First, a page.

Staff Benda Bilili croon beautiful harmonies accompanied by spare but perfectly suited instrumentation. This Congolese group of street musicians is comprised four elderly singer/guitarists and a young rhythm section, highlighted by a 17-year-old player of the one-string electric lute that he constructed himself from a tin can. These are musicians of extremely humble means who create startling warm and vital music from the barest of resources. Making their story even more poignant is that these artists are paraplegics and polio victims. It’s a compelling story for sure, but the music is superb enough to speak for itself. Crammed Discs will release Staff Benda Bilili’s debut in the US on April 7th. In the meantime, check out the first video, “Polio”, and a short documentary about the group.
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Asthmatic Kitty can do no wrong. Watch for Fol Chen’s Part I: John Shade, Your Fortune’s Made when it drops on February 17th, 2009. This is already the second video for the album, directed by one Nancy Jean Tucker.
The Believers (Clifford Lidell Remix) [MP3]
James Blues [MP3] from Vacilando Territory Blues [20 January]
Steel on Steel [MP3] from Vacilando Territory Blues [20 January]
Buy at iTunes Music Store
All This Will Pass [MP3] from This Night Is Ours [7 April]
I Have Laid in the Darkness of Doubt [MP3] from Mazes [3 March]
Ra Ra Riot
Ghost Under Sun (Passion Pit remix) [MP3]
The shadow of Pet Sounds loomed large on the Beach Boys after it was released in 1966. How do you follow-up one of the greatest, if not THE greatest album of all-time? Well, with Smile of course! But when that album failed to materialize, the record-buying public seemed to turn their backs on the Beach Boys in disappointment. Album sales dwindled and despite “topical” songs like “Student Demonstration Time” (and despite their beards) the Boys suddenly seemed out of step with the times. It’s in retrospect that people have begun to discover and appreciate their post-Pet Sounds albums and it’s about time. Although this period was famously a difficult time for Brian Wilson, it didn’t stop him from writing some fantastic songs.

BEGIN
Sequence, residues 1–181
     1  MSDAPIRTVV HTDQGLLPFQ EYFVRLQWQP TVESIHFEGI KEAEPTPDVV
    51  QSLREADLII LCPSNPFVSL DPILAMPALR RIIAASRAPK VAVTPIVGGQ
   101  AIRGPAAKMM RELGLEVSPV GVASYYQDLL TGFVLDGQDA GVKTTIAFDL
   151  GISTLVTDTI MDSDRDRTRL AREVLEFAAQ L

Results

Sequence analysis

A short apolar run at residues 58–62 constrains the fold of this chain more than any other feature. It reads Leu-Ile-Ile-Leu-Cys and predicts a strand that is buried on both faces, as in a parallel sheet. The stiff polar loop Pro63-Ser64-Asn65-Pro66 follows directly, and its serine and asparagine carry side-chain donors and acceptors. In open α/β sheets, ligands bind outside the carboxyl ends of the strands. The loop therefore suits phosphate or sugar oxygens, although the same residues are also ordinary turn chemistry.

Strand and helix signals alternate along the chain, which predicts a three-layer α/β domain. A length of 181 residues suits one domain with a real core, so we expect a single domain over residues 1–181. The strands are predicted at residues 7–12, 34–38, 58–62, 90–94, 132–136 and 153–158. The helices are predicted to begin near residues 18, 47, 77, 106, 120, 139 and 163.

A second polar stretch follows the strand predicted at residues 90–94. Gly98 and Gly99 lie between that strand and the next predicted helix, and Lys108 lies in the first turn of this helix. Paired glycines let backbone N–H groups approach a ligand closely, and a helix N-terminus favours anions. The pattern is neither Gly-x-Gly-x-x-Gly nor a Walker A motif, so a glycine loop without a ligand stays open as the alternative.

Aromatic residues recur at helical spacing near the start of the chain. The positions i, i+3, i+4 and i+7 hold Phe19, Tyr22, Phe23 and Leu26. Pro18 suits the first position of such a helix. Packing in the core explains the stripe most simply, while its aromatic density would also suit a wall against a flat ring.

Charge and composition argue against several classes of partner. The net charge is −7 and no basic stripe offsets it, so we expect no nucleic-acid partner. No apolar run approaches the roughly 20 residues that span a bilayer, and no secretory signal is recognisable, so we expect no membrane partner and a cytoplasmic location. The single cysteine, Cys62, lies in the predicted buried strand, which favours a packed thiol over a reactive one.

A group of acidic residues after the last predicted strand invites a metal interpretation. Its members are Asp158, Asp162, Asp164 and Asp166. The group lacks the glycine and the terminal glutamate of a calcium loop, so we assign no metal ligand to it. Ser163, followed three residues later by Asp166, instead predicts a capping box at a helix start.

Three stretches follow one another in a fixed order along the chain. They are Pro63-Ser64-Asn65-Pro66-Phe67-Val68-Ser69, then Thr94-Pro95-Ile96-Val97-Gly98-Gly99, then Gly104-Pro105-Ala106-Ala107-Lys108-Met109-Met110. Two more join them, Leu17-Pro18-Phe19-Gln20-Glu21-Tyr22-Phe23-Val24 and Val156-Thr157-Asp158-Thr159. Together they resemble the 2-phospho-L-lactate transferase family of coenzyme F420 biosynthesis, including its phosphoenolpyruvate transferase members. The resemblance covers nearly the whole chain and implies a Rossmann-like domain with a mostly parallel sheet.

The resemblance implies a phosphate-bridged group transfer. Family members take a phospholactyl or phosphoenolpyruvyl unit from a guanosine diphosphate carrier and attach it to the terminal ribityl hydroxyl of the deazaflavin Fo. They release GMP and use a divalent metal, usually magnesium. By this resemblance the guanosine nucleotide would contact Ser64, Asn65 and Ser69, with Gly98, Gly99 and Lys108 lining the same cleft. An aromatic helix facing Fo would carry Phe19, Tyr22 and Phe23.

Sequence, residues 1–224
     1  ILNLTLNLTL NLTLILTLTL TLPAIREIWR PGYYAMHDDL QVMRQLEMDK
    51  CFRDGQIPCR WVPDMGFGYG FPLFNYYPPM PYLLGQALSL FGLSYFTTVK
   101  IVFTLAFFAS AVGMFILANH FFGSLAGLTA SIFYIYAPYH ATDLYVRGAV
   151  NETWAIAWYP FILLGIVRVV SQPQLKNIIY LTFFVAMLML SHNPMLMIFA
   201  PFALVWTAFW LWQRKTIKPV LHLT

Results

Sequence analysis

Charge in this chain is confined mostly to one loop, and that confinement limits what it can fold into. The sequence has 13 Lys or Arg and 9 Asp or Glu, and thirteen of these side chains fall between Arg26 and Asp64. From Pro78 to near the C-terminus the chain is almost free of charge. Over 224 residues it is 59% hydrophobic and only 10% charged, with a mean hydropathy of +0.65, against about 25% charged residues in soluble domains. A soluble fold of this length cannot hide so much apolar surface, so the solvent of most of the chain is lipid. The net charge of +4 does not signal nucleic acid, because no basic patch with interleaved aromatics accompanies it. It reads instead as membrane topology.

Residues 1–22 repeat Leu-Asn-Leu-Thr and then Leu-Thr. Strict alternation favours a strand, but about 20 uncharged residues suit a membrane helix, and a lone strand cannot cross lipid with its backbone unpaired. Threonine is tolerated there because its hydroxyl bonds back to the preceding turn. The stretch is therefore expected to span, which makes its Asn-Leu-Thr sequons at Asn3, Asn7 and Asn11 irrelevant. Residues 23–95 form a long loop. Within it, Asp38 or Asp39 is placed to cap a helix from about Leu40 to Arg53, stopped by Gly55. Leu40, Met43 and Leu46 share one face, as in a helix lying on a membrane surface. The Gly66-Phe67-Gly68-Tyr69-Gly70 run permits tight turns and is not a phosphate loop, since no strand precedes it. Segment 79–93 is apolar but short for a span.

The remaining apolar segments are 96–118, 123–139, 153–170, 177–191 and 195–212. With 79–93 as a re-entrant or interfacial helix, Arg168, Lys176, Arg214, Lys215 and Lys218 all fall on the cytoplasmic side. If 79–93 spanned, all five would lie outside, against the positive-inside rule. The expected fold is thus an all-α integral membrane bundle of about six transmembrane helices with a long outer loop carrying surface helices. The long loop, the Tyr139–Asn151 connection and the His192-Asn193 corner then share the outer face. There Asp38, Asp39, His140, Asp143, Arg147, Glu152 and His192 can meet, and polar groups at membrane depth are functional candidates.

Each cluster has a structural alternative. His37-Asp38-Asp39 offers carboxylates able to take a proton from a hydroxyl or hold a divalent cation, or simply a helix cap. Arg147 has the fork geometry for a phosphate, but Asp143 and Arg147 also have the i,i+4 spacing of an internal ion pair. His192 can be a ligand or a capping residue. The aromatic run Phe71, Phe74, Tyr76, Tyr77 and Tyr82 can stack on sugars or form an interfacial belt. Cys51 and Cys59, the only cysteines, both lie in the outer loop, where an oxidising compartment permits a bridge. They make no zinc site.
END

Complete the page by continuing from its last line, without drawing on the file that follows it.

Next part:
In 1968 most of Brian Wilson’s days were spent locked away in his Bel-Air mansion. Friends, the album the Beach Boys released that year, included the song “Busy Doin’ Nothin’” written by Brian. It’s practically a diary entry, describing in detail a typical day in the life of its author. It is also a mess of contradictions. Starting with the title of the song itself, Brian seems to be trying to convince us (and himself) that he’s keeping busy when in fact he seems to be doing nothing much at all. It really reads like an answer to the question “What do you DO all day, Brian?”
“I had to fix a lot of things this morning / ‘Cause they were so scrambled / But now they’re okay / I tell you I’ve got enough to do”
Brian sounds like an unconvincing child in these first lines. Vaguely describing that he’s fixing things (what things exactly?) because they’re “so scrambled” and then for some reason hurriedly adding he has enough to do. It’s also interesting that the word scrambled is used as it conjures up the state of Brian’s mind at this time, which indeed could have used some fixing.
The next line starts with Brian telling us how busy his afternoon is but immediately he changes the subject to the weather. He seems to be trying to veer off from the question of what occupies his time.
“The afternoon was filled up with phone calls / What a hot sticky day / The air is cooling down.”
What follows next is truly one of the most bizarre moments in any Beach Boys song ever. It’s basically Brian giving you directions to his house. He leaves out street names but it’s still a weirdly detailed and candid description. According to the Friends liner notes, ”provided you knew where to start, you would’ve gotten to Brian’s Bel-Air house.”
“Drive for a couple miles / You’ll see a sign and turn left for a couple blocks / Next is mine / You’ll turn left on a little road / It’s a bumpy one / You’ll see a white fence / Move the gate and drive through on the left side / Come right in and you’ll find me in my house somewhere / Keeping busy while I wait.”
Later in the song Brian wants to make a phone call to a friend but can’t find the number, so what does he do?
“I sat and concentrated on the number / And slowly it came to me / So I dialed it.”
That’s right; he sits and concentrates on the phone number until he remembers it. The fact that the above line is an actual lyric in an actual song is exactly why I love Brian Wilson. And it gets better…
“And I let it ring a few times / There was no answer / So I let it ring a little more / Still no answer / So I hung up the telephone / Got some paper and sharpened up a pencil and wrote a letter to my friend.”
Such a great ending to such a bizarre and enjoyable song. On the surface the lyrics seem light and inconsequential and the music fits them perfectly; a bossa nova beat and soft flutes make the song so relaxed it’s almost lulling. But it all seems to hide an extreme loneliness; the unanswered phone call to a friend, going so far as to invite the listener over to his house, directions provided. It’s an amazing glimpse into Brian Wilson’s world in the late ‘60s and proof that the Beach Boys’ great songs didn’t end with Pet Sounds.
I’ve been enjoying Southeast Engine’s new record, From the Forest to the Sea (Misra Records), all week. The pastoral pop blended with classic indie rock, a bit of British Invasion harmony and Band/Byrdsian rootiness makes their new album a pretty addicting proposition. “Black Gold” is the first video off said release and has the band posing as tourists in Washington DC. Look for the album the week of February 17th and the PopMatters review then as well.